Photograph was taken at the Hundertwasserhaus in Vienna. Each apartment owner can paint the outside any color as long as they can reach that area.
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The Hundertwasserhaus is an apartment house in Vienna, Austria, built after the idea and concept of Austrian artist Friedensreich Hundertwasser with architect Joseph Krawina as a co-author. This expressionist landmark of Vienna is located in the Landstraße district on the corner of Kegelgasse and Löwengasse.
Friedensreich Hundertwasser started out as a painter. Since the early 1950s, however, he increasingly became focused on architecture, writing and reading in public manifestos and controversial essays (e.g. 1958 a ‘Mouldiness Manifesto.’ advocating natural forms of decay) In 1972, he had his first architectural models made for the TV-show ‘Wünsch dir was’, in order to demonstrate his ideas on forested roofs, “tree tenants” and the “window right” of every tenant to embellish the facade around his windows. In these models Hundertwasser also developed new architectural shapes, such as the “eye-slit” house and the “high-rise meadow house”1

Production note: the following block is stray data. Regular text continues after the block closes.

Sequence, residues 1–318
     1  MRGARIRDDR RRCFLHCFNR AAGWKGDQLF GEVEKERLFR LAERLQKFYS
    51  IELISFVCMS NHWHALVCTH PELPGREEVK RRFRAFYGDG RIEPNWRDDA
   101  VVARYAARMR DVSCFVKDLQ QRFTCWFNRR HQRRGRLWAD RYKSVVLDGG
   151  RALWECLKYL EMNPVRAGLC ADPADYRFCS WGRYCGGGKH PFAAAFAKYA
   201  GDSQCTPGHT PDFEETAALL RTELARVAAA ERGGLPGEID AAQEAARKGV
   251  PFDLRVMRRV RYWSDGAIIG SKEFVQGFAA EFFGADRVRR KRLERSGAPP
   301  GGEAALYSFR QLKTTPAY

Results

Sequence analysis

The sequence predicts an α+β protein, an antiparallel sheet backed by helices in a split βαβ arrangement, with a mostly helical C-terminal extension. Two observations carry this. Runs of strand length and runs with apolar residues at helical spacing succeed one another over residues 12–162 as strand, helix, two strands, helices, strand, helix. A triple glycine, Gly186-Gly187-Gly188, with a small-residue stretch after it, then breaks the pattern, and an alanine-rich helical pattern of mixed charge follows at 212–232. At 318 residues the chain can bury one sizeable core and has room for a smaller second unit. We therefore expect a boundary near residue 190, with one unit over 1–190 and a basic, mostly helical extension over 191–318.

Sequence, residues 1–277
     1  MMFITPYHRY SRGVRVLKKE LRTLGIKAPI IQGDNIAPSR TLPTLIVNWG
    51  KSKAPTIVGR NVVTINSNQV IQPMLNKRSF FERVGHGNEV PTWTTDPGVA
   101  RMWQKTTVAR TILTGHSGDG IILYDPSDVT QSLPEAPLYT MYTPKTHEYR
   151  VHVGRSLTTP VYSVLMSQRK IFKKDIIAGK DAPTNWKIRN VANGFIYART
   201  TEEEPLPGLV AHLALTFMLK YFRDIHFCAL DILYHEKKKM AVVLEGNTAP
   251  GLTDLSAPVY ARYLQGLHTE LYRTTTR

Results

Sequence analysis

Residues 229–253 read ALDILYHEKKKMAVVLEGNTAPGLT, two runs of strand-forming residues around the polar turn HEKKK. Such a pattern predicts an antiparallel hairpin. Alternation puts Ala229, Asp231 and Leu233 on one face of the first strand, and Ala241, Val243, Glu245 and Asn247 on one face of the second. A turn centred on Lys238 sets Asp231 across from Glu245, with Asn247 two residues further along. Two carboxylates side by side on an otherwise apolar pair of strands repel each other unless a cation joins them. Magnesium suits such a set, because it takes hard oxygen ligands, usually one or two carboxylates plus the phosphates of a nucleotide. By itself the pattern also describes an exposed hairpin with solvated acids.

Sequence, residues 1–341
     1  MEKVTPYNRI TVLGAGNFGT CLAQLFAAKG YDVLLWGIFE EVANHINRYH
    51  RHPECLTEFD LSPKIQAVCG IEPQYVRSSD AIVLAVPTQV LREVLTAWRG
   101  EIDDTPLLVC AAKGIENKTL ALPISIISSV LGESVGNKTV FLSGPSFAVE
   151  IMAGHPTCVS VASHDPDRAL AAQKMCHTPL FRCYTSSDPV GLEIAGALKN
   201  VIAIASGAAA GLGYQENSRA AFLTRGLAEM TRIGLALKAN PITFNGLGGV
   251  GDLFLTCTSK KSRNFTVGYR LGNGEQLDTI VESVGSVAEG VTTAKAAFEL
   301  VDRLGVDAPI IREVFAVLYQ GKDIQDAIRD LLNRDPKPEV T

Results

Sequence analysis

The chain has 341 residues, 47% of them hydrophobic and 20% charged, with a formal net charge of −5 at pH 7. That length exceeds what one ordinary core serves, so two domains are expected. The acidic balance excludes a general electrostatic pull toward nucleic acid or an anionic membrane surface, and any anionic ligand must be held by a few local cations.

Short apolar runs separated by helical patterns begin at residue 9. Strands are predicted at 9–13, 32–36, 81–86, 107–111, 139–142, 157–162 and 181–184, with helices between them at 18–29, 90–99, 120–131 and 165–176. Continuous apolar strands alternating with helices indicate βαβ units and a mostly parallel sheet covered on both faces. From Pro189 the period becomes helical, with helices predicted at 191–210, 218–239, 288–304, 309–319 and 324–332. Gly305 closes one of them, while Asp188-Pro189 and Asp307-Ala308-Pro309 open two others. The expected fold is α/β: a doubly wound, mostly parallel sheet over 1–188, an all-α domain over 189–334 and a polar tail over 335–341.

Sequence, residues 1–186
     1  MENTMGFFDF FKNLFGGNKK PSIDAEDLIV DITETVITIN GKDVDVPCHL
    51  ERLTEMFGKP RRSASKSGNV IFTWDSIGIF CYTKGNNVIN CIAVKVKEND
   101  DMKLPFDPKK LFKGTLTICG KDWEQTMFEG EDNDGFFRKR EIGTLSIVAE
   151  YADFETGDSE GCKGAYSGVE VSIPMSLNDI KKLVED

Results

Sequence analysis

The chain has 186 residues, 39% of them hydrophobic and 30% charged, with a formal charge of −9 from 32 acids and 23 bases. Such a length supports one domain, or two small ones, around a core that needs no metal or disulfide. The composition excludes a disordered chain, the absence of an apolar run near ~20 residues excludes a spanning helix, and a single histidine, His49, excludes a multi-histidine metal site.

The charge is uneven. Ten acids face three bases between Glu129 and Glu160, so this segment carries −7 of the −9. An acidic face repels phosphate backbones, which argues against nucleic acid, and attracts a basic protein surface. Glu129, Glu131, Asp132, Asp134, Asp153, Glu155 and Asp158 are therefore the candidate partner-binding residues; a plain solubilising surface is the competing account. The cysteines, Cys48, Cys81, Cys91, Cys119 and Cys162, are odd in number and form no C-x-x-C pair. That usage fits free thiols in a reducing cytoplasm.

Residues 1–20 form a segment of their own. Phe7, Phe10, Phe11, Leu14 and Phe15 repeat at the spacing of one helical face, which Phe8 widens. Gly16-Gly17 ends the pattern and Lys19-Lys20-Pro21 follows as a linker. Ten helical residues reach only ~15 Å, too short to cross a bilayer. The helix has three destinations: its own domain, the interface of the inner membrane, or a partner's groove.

In lectures at academies and before architectural associations, Hundertwasser elucidated his concerns regarding an architecture in harmony with nature and man. In a letter dated November 30, 1977 to the mayor of Vienna, Leopold Gratz, the federal chancellor at the time, Bruno Kreisky, suggested that Hundertwasser be given the opportunity to realize his ideas in the field of architecture by allowing him to build a housing project, whereupon Leopold Gratz, in a letter of December 15, 1977, invited Hundertwasser to create an apartment building according to his own ideas.2 The search for a suitable building plot took several years. Because Hundertwasser was not an architect he asked the City of Vienna to provide a professional architect willing to transpose his concepts into architectural drawings. To this end, architect Josef Krawina was invited to join the artist and to help him to put his ideas into practice.